Permanent ban on ‘gas station heroin’ prepped for House floor vote

gas station heroin
Attorney General Ashley Moody says the drug has caused 5 deaths nationwide.

Florida is closer than ever to permanently banning a dangerous, often contaminated supplement known commonly as “gas station heroin.”

A bill codifying in state statutes an emergency rule Attorney General Ashley Moody filed last year to place the substance, tianeptine, on the Schedule I list of controlled substances is headed to the House floor.

The measure (HB 1595) by Lake Mary Republican Rep. Rachel Plakon received uniform approval in three committee stops.

It cleared its last hurdle in the chamber when the members of the House Judiciary Committee voted for it 19-0 after little discussion.

Representatives from Moody’s Office and the Florida Smart Justice Alliance signaled support for the statewide prohibition, which would follow similar bans in Alabama, Georgia, Indiana, Kentucky, Michigan, Minnesota, Mississippi Ohio, Oklahoma and Tennessee.

According to the Food and Drug Administration (FDA), tianeptine is an unapproved but not federally banned drug in the U.S. that some people use as an opioid alternative or to self-treat anxiety or depression. French researchers developed it in the 1960s as an antidepressant, and it’s approved today in low doses for that purpose in many Asian, European and Latin American countries.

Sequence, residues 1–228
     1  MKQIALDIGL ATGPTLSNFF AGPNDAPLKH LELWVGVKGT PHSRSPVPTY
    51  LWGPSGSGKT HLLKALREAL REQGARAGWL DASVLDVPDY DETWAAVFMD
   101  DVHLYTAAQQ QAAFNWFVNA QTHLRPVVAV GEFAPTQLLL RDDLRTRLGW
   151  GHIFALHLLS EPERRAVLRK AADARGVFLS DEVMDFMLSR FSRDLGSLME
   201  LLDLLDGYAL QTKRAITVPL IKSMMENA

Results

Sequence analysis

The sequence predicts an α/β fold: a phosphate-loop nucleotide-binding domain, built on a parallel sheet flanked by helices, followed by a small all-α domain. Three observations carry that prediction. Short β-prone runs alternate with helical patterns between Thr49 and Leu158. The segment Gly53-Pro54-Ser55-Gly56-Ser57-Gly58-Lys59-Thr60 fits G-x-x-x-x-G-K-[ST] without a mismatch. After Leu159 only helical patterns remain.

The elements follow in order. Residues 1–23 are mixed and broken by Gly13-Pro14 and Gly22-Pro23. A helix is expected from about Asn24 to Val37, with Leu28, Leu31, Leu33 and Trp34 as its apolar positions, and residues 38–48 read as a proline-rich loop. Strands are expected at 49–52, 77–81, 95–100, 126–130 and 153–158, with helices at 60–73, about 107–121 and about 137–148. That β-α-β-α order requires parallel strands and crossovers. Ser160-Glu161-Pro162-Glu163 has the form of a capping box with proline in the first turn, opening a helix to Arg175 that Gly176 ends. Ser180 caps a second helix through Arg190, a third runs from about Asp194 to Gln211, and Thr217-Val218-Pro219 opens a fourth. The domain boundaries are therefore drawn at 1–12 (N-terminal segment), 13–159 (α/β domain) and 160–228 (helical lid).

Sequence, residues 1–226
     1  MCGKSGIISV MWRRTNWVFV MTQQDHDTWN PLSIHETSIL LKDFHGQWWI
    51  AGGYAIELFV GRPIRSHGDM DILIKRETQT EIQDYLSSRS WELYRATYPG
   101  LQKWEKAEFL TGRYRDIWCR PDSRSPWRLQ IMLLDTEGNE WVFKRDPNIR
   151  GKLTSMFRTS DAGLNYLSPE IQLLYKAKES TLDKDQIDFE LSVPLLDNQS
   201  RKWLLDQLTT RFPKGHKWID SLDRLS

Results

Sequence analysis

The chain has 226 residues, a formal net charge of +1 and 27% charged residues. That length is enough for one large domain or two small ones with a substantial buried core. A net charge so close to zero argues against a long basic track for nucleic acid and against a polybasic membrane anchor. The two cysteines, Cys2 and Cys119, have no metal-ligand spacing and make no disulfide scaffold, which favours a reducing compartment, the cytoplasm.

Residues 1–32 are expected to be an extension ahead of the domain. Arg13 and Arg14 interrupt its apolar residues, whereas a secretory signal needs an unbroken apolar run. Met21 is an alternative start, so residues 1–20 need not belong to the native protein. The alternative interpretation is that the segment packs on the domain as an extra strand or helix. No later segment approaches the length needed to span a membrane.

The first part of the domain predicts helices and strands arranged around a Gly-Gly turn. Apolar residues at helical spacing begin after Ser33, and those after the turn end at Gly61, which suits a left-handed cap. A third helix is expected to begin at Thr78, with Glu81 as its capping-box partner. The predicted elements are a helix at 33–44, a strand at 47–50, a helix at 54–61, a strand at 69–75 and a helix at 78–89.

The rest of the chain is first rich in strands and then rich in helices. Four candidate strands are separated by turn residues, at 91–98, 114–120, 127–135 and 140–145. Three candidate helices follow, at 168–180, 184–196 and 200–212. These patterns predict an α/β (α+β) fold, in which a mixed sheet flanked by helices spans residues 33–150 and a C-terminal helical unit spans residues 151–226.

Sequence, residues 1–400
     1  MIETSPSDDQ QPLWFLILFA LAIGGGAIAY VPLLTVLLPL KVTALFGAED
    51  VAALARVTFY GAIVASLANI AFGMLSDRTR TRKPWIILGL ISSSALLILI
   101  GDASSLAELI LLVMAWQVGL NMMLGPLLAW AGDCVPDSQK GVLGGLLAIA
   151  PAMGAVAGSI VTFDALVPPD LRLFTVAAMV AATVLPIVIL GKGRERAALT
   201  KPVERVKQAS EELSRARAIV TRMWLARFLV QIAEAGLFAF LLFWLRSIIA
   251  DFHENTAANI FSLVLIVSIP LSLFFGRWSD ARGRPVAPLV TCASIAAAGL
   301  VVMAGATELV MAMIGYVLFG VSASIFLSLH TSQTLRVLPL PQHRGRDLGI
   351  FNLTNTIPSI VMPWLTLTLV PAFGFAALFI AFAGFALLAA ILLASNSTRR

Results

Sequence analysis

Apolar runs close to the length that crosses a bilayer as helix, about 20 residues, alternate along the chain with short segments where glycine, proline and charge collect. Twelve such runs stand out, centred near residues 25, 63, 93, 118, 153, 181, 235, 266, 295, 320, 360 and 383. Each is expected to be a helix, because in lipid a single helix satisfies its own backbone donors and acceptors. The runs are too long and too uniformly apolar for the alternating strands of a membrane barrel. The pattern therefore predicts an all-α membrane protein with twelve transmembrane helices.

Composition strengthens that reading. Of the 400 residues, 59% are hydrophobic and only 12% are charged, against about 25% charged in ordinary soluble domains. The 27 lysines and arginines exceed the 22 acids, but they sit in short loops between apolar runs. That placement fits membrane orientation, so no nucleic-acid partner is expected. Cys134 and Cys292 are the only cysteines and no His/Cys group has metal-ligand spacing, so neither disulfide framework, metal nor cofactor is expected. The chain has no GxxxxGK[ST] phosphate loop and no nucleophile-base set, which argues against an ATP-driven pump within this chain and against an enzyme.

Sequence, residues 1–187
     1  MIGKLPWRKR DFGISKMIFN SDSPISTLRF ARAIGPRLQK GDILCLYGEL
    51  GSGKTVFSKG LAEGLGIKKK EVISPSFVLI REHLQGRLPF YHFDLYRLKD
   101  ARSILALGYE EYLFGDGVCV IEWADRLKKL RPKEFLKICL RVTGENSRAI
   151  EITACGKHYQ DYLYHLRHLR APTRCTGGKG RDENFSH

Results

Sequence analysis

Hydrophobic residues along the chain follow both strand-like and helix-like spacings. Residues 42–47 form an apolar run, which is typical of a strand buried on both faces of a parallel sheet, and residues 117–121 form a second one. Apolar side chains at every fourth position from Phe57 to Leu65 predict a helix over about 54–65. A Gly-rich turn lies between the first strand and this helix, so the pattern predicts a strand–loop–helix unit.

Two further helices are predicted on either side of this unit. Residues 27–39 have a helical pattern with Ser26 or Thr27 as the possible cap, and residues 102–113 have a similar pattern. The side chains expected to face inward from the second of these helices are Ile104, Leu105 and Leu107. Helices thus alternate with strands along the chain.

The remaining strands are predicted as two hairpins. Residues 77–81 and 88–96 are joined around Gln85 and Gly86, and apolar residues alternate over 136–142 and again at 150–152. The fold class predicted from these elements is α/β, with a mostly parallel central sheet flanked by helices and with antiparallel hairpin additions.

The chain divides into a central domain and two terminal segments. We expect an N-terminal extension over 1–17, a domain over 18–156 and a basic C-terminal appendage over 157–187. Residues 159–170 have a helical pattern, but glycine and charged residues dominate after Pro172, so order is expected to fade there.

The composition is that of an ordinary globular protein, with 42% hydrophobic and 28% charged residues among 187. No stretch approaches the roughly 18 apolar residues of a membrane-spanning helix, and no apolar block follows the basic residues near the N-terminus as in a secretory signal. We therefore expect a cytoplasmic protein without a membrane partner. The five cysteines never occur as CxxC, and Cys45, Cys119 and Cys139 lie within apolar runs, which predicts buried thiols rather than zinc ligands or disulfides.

Products sold in Florida that contain the substance include Pegasus, Tianaa and Zaza Red. Medical research indicates it can be addictive and elicit withdrawal symptoms.

In higher doses or when mixed with other drugs, including antidepressants or anti-anxiety medicines, it can lead to agitation, drowsiness, confusion, sweating, rapid heartbeat, high blood pressure, nausea, vomiting, slowed or stopped breathing, coma and death.

Moody said that through September, tianeptine was attributed to five deaths nationwide.

The following month, Agriculture Commissioner Wilton Simpson announced a sprawling investigation by his Department into stores across Florida. The result was a seizure of, among other things, 653 packages of “gas station heroin” in Lee and Orange counties.

He vowed to continue to direct “all available resources and work with state and local partners to ensure these dangerous and harmful products … stay out of the state of Florida and out of the hands of our children.”

A twin measure (SB 1512) by Lake Mary Republican Sen. Jason Brodeur cleared the first of three committees to which it was referred last month by an 8-0 vote. It’s scheduled to be heard Thursday at the Senate Appropriations Committee on Criminal and Civil Justice.

Jesse Scheckner

Jesse Scheckner has covered South Florida with a focus on Miami-Dade County since 2012. His work has been recognized by the Hearst Foundation, Society of Professional Journalists, Florida Society of News Editors, Florida MMA Awards and Miami New Times. Email him at [email protected] and follow him on Twitter @JesseScheckner.


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